Transfiguration Sunday

When I was a Boarding Chaplain (and teacher) in a Lutheran school in Australia where students had daily chapel and the boarders also had Sunday evening chapel, there was one song that was often chosen by them and sung year in and year out – even though I might occasionally comment that it was best suited for Transfiguration Sunday – ‘Shine Jesus shine!’. Then it was around 10 years old but it had already become part of the church scene. When the ELCE produced the 758+ Songbook in 1994, the song was included. It has become part of the church musical landscape.

I don’t how many Christians songs are written each year and my guess would be thousands but it is obvious that the treasury of Christian music and songs is ever expanding. Each generation can be frustrated with the songs they sing and want ‘something new’. The story is told of a young man frustrated by the heartless psalm singing in the church of his time and was vocally critical to which his father responded, “Well then, young man, why don’t you give us something better to sing?”. The young man went did just that and wrote his first hymn – ‘Behold the Glories of the Lamb’. The year was 1696! The young man was Isaac Watts who has come to be known as the Father of English Hymnody.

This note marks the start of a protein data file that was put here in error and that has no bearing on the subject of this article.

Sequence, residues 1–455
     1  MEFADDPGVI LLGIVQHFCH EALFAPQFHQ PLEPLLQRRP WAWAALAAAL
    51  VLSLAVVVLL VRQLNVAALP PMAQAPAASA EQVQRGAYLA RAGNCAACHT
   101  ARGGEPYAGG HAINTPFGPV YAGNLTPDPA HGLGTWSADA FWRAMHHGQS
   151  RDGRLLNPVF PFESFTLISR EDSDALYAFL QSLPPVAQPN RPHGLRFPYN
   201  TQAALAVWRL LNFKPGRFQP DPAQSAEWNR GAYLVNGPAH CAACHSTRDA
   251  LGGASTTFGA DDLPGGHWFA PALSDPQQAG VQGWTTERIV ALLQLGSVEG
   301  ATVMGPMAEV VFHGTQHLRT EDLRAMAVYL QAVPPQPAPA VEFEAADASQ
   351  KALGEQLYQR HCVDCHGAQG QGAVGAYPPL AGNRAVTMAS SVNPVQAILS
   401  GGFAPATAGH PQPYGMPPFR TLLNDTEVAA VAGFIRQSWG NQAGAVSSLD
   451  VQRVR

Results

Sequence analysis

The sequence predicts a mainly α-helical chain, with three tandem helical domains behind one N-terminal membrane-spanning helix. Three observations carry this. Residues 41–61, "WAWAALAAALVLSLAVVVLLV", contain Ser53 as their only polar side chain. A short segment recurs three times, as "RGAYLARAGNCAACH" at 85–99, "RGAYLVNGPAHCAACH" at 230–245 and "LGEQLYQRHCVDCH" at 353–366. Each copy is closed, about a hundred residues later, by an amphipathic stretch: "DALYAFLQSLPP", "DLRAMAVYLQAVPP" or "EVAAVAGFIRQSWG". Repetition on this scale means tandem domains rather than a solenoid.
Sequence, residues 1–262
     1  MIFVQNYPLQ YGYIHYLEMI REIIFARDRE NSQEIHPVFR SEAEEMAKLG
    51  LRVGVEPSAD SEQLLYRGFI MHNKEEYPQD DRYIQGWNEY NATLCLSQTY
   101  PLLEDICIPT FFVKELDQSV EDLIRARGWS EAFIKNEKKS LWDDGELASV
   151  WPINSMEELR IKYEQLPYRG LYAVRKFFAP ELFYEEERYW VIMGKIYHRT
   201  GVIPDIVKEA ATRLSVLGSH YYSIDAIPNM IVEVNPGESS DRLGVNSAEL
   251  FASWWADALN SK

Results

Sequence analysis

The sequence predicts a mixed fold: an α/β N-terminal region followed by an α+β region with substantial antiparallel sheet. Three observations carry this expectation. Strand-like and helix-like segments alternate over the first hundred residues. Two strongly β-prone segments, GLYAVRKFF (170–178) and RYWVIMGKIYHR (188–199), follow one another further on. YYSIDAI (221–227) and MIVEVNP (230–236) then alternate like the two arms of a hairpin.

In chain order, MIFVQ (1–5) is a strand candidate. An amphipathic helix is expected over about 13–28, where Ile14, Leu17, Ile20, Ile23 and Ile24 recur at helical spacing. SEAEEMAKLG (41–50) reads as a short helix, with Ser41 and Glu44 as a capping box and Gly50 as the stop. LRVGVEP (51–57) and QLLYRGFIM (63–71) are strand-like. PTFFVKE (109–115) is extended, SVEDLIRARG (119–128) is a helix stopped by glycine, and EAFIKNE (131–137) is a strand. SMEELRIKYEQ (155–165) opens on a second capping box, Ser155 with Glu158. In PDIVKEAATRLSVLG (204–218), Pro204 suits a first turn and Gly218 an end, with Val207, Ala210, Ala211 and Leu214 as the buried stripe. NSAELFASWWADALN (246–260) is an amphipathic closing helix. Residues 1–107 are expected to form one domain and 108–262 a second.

The Lutheran Church was known as the singing church because of its innovation of congregational singing. We all know the value and power to remember and retain things when tune and words are combined well. Martin Luther is popularly thought to have taken the ‘tavern tunes’ and the ‘love songs’ of his day as the musical basis for his hymns. This wasn’t really the case because Luther was very serious and precious about the Word of God and how the words of the songs and how the tune that carries them allows the Word of God to be heard – to become part of the singer – to be part of us.

Over the centuries the Church wants to retain songs that have stood the test of time and keep singing them. Not even every song in a hymnal is remembered. But at the same time the Church needs to encourage Christian composers and song writers of each generation to produce new songs that also speak today. Most of the Christian songs ever written will be forgotten in time. Only those songs that people cherish – they probably like the tune – they definitely like the words – will last the test of time and become part of the Church’s common memory – sung by generation after generation through centuries.

I would suggest that the songs that focus on us and our feelings and what we do for God will quickly fade but the songs that draw us to God and who he is and what he has done in Jesus Christ and how he defines life and us are the ones that last the test of time.

‘Shine, Jesus, shine’ is less than 40 years old. Will the Church be singing it still in 400 years? Whatever happens, I hope the Church’s ‘traditional’ song list is ever expanding as we sing songs from the past and dip into songs of the present so that we are reminded who we are before God and that God is always worth our praise! So let’s keep singing!